The C4ISR Journal had a recent search theory article quoting me along with Larry Stone.  I'm quite honored, like the British company in Dirk Gently's Holistic Detective Agency:

...was the only British software company that could be mentioned in the same sentence as ... Microsoft.... The sentence would probably run along the lines of ‘...unlike ... Microsoft...’ but it was a start.

It's a good article, covering the undeniably exciting historical origins hunting U-boats, and looking at what may be a modern renaissance.  I think the article stretches to connect search theory with Big Data, but the author does note that when the data is visual, and you have humans scanning it for objects, there is a connection.  With planning, it could have been used to prioritize the Amazon Mechanical Turk search for Jim Gray.  (The resolution of the actual images in that search was probably too low regardless, but the core idea was sound.)

Around 2003 I did hear a presentation taking the first steps towards adapting search theory to graph search (i.e. social networks).  The authors proved some interesting theorems, but they admitted it was only a first step.  In my opinion that work was the best that day (including ours), but I don't think the funding agency was interested in theorems. I'm not sure if the work has continued.

NB: The line about my work with JIEDDO is slightly misleading.  It says, "Some of that research included trying to locate insurgents planting IEDs."  Some of JIEDDO's research no doubt did, but we at Mason concentrated more on models to find already implanted IEDs, or likely IED locations.  We used stock search theory to improve other models and simulations.  And while we deeply appreciated funding for Bayesian inference, we don't have much visibility into whether it got used.  (One of our analysts deployed, but he concentrated on the gains to be had by coordination.)

Anyway, happy for the mention, and happier still for possible broader interest in search theory.

PS: On that note, I've just heard that Chris Long is resurrecting the William Syrotuck search theory symposium at or alongside the 2014 NASAR conference!

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Structured Methods for Intelligence Analysis

My colleagues just published a paper in Euro Journal on Decision Processes, for their special issue on risk management.

Karvetski, C.W, Olson, K.C., Gantz, D.T., Cross, G.A., "Structuring and analyzing competing hypotheses with Bayesian networks for intelligence analysis". EURO Journal on Decision Processes, Special Issue on Risk Management:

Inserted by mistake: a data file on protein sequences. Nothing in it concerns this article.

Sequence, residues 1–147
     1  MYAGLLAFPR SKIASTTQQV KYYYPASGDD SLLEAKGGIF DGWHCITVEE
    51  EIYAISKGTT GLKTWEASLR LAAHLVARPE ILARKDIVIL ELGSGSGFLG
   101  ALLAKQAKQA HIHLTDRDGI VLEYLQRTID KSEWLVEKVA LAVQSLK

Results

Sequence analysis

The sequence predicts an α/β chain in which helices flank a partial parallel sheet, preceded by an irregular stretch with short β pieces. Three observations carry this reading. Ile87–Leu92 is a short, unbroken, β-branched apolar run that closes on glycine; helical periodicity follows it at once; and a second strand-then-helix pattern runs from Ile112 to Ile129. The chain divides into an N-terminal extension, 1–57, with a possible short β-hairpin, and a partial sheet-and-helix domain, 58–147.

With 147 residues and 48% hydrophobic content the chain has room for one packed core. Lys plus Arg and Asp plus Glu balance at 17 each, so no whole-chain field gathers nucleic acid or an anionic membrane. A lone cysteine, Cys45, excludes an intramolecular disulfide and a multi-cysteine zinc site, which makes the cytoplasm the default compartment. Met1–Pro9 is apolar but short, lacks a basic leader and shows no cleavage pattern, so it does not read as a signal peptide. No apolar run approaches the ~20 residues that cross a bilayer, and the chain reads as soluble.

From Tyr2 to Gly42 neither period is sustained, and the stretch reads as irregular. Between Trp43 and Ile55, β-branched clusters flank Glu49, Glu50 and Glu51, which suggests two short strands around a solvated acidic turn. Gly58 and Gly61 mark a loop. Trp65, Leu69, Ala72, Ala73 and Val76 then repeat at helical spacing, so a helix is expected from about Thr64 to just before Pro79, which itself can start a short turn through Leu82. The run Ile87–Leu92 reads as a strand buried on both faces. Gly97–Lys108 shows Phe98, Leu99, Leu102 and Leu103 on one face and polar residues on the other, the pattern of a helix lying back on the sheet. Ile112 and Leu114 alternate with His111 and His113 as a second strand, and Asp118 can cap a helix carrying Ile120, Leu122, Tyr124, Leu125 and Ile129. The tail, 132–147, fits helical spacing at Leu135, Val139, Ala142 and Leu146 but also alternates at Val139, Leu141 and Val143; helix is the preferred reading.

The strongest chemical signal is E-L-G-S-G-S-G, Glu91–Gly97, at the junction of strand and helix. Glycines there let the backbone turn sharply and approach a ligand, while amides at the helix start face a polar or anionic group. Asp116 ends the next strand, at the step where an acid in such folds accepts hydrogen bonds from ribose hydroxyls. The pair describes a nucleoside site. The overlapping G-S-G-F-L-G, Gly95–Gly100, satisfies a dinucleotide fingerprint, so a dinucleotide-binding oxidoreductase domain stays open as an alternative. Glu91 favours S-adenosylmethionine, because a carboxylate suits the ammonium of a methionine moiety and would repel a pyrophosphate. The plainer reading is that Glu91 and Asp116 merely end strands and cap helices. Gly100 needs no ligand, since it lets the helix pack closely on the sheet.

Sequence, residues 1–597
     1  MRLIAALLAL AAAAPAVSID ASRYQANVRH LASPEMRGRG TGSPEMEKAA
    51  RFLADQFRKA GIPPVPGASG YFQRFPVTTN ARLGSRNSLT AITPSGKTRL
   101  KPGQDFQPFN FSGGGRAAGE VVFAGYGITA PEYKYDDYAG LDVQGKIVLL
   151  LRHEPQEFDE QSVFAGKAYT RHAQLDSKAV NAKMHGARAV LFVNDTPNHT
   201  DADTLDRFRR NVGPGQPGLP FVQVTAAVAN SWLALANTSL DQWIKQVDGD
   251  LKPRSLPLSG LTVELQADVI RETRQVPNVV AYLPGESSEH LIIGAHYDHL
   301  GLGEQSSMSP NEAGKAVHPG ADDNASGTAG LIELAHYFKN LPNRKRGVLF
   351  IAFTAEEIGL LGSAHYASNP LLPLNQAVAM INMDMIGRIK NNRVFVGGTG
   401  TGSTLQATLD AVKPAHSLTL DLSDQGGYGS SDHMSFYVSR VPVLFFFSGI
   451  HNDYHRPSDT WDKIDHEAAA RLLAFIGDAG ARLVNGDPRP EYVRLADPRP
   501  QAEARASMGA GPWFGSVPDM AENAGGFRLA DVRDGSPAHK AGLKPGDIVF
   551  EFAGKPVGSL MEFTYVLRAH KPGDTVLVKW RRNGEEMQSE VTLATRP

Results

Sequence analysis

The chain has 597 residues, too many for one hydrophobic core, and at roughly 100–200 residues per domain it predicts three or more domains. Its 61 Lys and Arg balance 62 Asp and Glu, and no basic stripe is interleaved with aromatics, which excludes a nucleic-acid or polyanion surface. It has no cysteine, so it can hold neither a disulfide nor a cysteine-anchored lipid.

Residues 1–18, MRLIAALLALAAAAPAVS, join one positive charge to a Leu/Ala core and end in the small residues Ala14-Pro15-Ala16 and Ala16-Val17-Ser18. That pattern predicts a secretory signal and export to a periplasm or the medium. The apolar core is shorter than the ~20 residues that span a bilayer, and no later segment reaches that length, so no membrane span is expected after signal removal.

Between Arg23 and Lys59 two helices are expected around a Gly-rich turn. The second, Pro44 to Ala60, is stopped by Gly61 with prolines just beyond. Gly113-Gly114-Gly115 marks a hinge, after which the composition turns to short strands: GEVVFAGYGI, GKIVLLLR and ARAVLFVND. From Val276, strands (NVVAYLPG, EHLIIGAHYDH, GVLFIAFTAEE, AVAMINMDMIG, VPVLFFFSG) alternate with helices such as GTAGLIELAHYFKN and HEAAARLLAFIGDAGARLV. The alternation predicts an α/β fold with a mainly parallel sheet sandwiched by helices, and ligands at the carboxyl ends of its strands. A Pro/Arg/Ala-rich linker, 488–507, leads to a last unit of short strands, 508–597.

Alas, it's behind a paywall and the printed edition isn't due until Autumn. Here's an excerpt from the abstract:

Although ACH aims at reducing confirmation bias, as typically implemented, it can fall short in diagramming the relationships between hypotheses and items of evidence, determining where assumptions fit into the modeling framework, and providing a suitable model for ‘‘what-if’’ sensitivity analysis. This paper describes a facilitated process that uses Bayesian networks to (1) provide a clear probabilistic characterization of the uncertainty associated with competing hypotheses, and (2) prioritize information gathering among the remaining unknowns. We illustrate the process using the 1984 Rajneeshee bioterror attack in The Dalles, Oregon, USA.

I've seen some very good demonstrations of ACH, but when all is said and done, the ACH matrix is a rough approximation to Bayes, justified because it is faster or more intuitive.  But in fact it requires just as many judgments.  Consider this passage from their conclusion:

Although a Bayesian network is a more sophisticated model than ACH, it can be less tedious by eliminating repeated elicitations after partitioning hypotheses into multiple dimensions and focusing on local relationships between variables. With ACH, 121 inputs were needed to define the model in Table 2, whereas 118 conditional probabilities were needed in Tables 3 and 4 to define the Bayesian network.

And when you're done, the Bayes net can perform instantaneous what-if calculations, and update probabilities as evidence becomes available.  (And should you happen to have a combinatorial prediction market, you can crowdsource the probabilities in a distributed fashion.  But that's our other research project.)

The paper sets out a hypothetical analysis (with a real historical case).  Data collection is ongoing.   Their facilitated method has been tried on two groups of analysts and recently on a large (>100) group of students, all with good success.

Don Ferguson has sparked recent listserv discussion on scenario analysis and structured analytic techniques.  I think ACH is pretty good at what it does, and I think it's usually better than informal analysis.  But I think SAR planning would do better to make any structured scenario analysis fully Bayesian.  That's been a part of formal search theory since at least ~1970.